Learning, understanding, and horizontal development

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As developers feel the daily pressure to deliver, they tend to skip a crucial step in the process: learning and understanding the system. There’s a huge difference between just adding more lines of code to the codebase and making changes that maintain the conceptual integrity of the system.

Horizontal development is the result of not spending enough time learning and understanding the system you’re working on. By starting to churn out code too soon, you’ll inevitably be adding silos of functionality in parallel to existing functionality.

The outcome is legacy code. It doesn’t matter how well factored it is, and what test coverage it has!

I was discussing software development with a colleague today, and we arrived at an interesting conclusion that fits well with my previous experience. We concluded that software development is an activity that requires constant learning.

There is the obvious kind learning: a new language every year (pragmatic programmers), the web framework of the month, the application server of the project, and so on. This type of learning is implicit in our profession (but not always acknowledged by those who pay our salaries), and it’s what makes it interesting.

But, there’s another kind of learning, or let’s call it understanding. It’s the kind of understanding you need to gain to actually comprehend what you’re doing; the kind of understanding needed to maintain the conceptual integrity of a system.

Vague? Let’s look at some examples.

What happens when you tell a junior, fresh out of college, software developer to add or change a certain feature in a non-trivial system? Assuming that the developer is competent, but not experienced, you’ll see him happily churning out code after a few hours of browsing through the code and asking some questions.

Or what if you are to introduce framework X for your web application? How do you go about it? Most people will download and install the framework, google “framework X tutorial”, read the first chapters, and aim at learning the rest as they go along.

Or the most common situation: You’re a contractor fresh on a project and you want to prove that you’re worth the money. Isn’t banging on the keyboard as soon as you get your login credentials a good proof?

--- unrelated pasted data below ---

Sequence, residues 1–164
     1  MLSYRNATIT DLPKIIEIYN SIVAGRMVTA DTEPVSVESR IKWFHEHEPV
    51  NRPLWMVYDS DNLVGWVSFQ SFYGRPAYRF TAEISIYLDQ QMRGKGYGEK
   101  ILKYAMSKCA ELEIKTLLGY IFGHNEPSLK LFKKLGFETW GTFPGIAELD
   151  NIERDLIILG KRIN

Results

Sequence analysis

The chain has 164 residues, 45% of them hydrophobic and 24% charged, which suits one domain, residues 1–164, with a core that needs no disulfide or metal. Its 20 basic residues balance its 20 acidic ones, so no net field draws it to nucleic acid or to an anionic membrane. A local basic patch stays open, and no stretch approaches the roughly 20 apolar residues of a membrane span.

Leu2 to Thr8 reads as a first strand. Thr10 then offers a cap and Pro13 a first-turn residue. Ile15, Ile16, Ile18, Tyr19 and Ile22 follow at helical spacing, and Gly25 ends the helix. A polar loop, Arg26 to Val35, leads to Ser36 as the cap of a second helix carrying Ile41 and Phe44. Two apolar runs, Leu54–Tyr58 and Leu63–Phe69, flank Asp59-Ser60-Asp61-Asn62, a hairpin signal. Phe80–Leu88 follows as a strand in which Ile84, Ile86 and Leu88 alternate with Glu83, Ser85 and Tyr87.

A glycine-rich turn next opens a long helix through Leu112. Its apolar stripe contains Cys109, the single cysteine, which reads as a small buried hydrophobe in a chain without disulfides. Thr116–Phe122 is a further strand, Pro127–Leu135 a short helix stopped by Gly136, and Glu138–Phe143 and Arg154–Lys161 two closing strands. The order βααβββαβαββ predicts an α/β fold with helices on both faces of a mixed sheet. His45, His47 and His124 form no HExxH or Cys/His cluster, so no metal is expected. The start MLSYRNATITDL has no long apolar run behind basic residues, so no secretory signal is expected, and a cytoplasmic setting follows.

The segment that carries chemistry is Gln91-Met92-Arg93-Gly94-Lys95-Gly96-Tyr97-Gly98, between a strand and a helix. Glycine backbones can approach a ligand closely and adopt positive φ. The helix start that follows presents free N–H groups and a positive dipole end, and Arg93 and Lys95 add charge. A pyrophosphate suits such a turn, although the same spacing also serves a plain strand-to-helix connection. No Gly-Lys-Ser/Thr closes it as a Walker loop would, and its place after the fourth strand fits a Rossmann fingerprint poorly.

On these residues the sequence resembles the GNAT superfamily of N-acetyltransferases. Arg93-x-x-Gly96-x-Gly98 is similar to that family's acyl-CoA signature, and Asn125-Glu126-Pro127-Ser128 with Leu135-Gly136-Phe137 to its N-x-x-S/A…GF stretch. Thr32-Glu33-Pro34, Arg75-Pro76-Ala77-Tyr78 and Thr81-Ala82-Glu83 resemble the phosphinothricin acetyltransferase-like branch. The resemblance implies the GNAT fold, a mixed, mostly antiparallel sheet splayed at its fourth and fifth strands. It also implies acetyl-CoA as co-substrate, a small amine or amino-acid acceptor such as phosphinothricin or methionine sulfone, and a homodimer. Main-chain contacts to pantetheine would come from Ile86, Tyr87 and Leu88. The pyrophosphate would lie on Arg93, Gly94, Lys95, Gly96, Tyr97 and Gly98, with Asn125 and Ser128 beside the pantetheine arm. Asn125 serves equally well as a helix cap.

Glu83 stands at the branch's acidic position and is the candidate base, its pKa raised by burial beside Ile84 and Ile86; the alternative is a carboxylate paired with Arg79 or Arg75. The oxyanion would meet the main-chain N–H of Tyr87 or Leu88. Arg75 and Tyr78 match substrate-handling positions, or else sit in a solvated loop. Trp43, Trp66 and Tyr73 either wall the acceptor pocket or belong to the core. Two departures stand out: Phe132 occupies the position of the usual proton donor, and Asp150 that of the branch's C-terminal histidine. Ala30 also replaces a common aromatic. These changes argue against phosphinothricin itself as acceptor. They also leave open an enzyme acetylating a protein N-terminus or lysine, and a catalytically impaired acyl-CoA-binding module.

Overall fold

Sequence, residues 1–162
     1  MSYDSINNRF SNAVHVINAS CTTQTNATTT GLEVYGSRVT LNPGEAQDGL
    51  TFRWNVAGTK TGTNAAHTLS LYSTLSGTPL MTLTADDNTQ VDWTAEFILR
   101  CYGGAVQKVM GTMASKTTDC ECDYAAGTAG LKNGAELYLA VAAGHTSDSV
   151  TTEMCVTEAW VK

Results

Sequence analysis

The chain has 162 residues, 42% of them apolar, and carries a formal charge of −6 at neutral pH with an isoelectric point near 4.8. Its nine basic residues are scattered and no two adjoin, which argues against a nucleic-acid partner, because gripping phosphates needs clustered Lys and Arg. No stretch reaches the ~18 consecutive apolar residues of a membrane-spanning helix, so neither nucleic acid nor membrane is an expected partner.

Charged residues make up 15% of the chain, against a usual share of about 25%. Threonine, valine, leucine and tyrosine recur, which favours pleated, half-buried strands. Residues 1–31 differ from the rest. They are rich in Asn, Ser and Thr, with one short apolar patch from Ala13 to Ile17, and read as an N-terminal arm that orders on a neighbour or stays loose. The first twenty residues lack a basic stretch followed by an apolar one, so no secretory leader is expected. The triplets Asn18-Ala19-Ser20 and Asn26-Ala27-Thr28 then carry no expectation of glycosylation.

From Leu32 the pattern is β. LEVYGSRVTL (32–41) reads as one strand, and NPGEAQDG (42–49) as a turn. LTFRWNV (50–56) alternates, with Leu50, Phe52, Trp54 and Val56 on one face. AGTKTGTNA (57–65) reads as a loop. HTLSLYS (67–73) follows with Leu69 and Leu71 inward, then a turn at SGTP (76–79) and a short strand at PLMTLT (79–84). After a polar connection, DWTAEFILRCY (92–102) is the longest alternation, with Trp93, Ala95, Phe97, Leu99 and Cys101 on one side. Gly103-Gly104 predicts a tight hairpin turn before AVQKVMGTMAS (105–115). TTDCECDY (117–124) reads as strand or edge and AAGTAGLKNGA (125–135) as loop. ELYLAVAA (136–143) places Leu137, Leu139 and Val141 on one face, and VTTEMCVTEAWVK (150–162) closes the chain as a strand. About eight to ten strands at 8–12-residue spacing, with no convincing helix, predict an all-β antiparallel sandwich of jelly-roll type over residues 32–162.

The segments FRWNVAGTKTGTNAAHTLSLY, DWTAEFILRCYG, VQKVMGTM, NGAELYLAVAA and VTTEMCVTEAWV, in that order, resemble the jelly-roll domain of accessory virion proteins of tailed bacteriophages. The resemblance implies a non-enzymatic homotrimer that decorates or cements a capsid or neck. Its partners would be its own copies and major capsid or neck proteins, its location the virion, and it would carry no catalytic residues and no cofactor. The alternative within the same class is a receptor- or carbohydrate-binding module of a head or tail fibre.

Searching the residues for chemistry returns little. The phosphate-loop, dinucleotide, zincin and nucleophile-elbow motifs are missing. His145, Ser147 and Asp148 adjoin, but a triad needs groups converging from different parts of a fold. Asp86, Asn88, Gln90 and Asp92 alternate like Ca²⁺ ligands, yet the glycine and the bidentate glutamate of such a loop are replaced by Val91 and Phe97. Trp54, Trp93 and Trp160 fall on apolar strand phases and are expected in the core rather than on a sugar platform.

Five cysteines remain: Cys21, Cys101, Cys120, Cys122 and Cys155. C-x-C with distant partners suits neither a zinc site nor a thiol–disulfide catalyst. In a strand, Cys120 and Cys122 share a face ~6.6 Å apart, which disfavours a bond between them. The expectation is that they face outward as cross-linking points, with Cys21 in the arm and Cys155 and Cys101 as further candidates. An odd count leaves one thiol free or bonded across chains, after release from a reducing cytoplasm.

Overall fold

What is the outcome of these scenarios, and what lessons do we learn? Let’s start with the second scenario. While it would be very good to actually go through the entire tutorial for framework X and read a 400 page book on top of that, no customer or team would accept it.

Imagine if you said: “Ok guys. I need to actually learn this framework and all its features, so that I know how to use it properly. See you in a week”. Since this isn’t really an option, you go on googling tutorials. An average developer will get away with this. After all, we’re not talking rocket science, but one thing is inevitable. If that developer’s code is reviewed or maintained by someone who actually knows how to use the framework, all its features and idioms, the verdict will not be in favor of the stressed developer, who followed the tutorial.

There’s collateral damage as well. If nobody on the team has a deeper understanding of the framework the team is using, a negative attitude may sweep across the team; everybody will think that the framework is hard to work with and doesn’t actually solve any problem.

I don’t want to start defending old technologies with known short-comings, but honestly, how many developers, who actually understood what a Java enterprise bean is and how to use it, do you know? How many web applications have you seen where JSPs, servlets, filters and tag files are used in accordance with Sun’s recommendations and guidelines? These are old technologies, but Spring suffers from this as well when in hands of teams that have learned the 10% needed to get started.

Of course, I’m guilty of this too. There exist many tests based EasyMock with my name in the author tag from 2007 that do far too much verifying, mocking instead of stubbing, and are brittle and over-specified in general.